Wilson, who attended a liberal arts college herself, was eager to serve on Luther’s faculty because she knew firsthand the life changing impact of this type of education. “I see the liberal arts as key in nurturing students to contribute to their world no matter what their vocation,” she shares. “I teach in a ‘pre-professional’ program, but my students aren’t being prepared to teach music; they are being prepared to educate students.”
“Like many of my students, I went to college wanting to be a high school choir director. I explored a master’s degree in conducting but chose music education due to life circumstances,” she explains. “Little did I know that’s exactly where I was supposed to be.” As someone fascinated by music literacy pedagogy, Wilson sees the limitless benefits of working with pre-service teachers and observing students in practicum settings. She sees her position as the music education program director as an opportunity to foster invaluable skills in her students and collaborate with each student to shape their own journey.
Currently, Wilson is in the process of preparing to present and publish several research projects, many of which involve collaborating with colleagues across the country. Her research focuses on: “music education curriculum reform, popular music and teaching the “other eighty percent” (students who do not participate in band, orchestra, or choir), mentor programs, professional development for experienced teachers, and music literacy.”
To Wilson, researching is a hobby that helps her connect with new people, work on personal development, and enrich the lives of her students all at the same time. “Students, of course, are my main priority, and that doesn’t leave a lot of time for writing,” she says. “Through research, I have been able to collaborate with colleagues from across the country and travel to international conferences all while investing in myself so that I can better serve my students.”
Wilson loves to connect with the Luther community outside of the classroom. She serves as a member of the newly formed Music Anti-Racism Task Force, through which she works with faculty, staff, and students on strengthening the music department through diversity, equity, and inclusion. And with the help of alumna Catelyn Janda ’19, Wilson launched the Luther College Community Music School in 2019. The school offers lessons, group classes, and a youth choir program called SoDa Club.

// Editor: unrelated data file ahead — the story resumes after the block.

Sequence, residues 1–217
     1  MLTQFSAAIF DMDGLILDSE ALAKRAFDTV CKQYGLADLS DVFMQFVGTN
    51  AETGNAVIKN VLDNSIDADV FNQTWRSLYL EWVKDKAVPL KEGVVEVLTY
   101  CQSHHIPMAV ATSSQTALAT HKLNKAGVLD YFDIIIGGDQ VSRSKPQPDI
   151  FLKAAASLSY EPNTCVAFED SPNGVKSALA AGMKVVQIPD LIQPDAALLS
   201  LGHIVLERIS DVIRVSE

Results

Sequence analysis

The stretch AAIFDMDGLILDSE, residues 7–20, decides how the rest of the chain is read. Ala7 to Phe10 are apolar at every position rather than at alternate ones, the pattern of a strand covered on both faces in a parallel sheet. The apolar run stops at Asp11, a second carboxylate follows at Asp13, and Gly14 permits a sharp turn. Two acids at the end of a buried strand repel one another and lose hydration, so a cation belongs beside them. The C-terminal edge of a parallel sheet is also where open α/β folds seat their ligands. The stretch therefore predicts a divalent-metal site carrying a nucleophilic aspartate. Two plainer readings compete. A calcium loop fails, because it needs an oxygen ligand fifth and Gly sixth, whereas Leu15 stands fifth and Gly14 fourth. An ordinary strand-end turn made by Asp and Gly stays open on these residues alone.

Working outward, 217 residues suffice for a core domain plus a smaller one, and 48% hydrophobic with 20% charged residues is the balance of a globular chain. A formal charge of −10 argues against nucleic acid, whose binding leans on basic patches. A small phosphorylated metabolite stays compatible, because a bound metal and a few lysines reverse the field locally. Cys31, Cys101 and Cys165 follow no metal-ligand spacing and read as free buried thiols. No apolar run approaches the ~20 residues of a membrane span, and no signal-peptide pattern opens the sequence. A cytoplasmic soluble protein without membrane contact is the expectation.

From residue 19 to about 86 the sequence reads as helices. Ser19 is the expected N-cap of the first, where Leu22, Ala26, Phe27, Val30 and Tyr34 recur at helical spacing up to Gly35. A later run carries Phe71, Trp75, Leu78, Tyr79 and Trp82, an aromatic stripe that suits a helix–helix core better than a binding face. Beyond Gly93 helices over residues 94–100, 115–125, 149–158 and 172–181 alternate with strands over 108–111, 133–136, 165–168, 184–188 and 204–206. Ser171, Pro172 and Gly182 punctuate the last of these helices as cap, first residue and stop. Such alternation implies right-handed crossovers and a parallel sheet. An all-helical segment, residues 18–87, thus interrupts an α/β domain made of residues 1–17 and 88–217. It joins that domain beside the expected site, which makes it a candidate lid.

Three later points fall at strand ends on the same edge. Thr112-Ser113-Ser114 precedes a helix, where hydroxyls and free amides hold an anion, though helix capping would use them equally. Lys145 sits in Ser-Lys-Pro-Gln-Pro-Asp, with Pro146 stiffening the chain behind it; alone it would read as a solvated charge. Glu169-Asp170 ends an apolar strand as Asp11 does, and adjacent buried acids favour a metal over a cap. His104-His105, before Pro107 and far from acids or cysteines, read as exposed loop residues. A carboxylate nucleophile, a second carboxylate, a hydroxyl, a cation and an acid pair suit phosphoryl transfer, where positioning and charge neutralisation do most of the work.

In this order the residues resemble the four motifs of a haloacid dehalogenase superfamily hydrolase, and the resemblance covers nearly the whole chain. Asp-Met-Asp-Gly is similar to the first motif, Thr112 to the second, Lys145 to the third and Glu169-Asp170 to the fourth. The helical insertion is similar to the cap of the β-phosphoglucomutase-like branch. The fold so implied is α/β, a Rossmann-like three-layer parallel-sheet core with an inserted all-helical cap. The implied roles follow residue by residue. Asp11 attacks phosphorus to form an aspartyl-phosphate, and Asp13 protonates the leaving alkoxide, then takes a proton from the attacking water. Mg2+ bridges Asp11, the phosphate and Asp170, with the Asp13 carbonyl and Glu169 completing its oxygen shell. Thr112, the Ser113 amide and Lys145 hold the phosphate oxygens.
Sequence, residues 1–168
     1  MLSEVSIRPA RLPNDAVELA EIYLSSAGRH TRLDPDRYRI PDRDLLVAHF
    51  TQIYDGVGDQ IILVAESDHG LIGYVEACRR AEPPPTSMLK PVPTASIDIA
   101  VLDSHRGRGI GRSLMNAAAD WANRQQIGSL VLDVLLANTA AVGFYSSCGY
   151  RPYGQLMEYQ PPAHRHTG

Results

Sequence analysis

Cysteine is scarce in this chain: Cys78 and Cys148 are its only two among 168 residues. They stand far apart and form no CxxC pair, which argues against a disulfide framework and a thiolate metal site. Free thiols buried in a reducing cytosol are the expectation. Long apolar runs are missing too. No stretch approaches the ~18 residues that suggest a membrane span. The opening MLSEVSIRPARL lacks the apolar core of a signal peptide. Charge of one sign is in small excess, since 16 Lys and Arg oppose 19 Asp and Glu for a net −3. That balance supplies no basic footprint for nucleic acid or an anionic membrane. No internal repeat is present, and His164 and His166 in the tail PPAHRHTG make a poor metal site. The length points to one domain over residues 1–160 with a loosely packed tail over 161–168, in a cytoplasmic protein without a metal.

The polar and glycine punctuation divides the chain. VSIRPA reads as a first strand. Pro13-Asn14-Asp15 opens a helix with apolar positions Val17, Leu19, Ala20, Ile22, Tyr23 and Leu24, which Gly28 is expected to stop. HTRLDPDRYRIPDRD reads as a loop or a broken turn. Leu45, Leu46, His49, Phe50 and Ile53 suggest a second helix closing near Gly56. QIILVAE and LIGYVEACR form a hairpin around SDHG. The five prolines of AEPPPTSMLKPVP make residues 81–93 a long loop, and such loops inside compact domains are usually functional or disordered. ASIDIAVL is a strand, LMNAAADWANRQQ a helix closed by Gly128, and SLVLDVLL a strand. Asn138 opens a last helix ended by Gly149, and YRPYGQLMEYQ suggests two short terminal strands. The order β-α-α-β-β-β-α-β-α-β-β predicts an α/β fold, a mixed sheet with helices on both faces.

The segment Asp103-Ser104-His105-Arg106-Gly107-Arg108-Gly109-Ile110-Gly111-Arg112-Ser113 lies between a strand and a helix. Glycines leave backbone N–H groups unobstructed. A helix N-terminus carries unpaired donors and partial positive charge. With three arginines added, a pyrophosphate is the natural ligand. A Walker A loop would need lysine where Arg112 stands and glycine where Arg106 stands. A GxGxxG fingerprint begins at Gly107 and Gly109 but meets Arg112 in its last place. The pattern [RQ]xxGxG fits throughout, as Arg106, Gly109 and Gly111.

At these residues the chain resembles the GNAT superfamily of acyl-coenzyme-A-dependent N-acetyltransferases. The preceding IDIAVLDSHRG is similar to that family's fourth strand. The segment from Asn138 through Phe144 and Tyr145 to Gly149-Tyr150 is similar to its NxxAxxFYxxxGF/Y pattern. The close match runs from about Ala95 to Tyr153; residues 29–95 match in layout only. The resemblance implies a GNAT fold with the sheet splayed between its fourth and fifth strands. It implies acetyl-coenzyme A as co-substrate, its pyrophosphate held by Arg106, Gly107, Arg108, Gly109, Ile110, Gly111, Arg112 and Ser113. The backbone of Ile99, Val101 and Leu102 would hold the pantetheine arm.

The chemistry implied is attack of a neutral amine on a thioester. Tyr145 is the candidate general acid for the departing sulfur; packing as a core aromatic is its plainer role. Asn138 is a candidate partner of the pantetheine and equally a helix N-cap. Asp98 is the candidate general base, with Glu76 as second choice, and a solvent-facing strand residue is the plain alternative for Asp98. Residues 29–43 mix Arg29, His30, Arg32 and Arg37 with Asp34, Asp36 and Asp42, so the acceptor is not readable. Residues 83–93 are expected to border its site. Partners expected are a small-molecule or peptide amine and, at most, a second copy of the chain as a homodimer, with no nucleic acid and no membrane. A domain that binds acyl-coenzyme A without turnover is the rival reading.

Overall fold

Wilson also serves as the advisor for a student organization, the Future Music Educators Association (FMEA), which is one of her favorite roles at Luther. “The list of guest speakers the officers and I have been able to host through Zoom over the past year alone is pretty astounding. These students are also wildly impressive when it comes to creating community as well as encouraging and supporting one another,” she says.
Wilson is a shining example of how Luther’s faculty are immersed in their communities through active involvement both inside and outside of Luther. She is in her last year of a six-year term progression as president-elect, president, and vice-president of the Iowa Choral Directors Association, having previously been repertoire and resources chair for treble choirs and editor of their publication, The Sounding Board. She also recently served on the Iowa Music Education Association board as teacher education chair and was co-chair of the Iowa Fine Arts Standards writing committee. Lastly, Wilson is proud to be a Modern Band fellow, thanks to the Little Kids Rock organization!
She sees the strong benefits of being actively engaged and is always seeking to grow in her skills as an educator. “It’s so important to be involved in professional organizations,” she shares. “I’m sure my students are tired of hearing about the next conference or workshop!”
Wilson’s commitment to her students, community, and her own professional development are integral parts of her identity as a music educator, and her contributions to the Luther community are evident. She feels fortunate to belong to a campus community filled with people who continually strive for the greater good. She says, “Plain and simple, the people make Luther what it is—from students to faculty to staff to alums—and I feel very fortunate to be surrounded by amazing colleagues and young people on a daily basis.”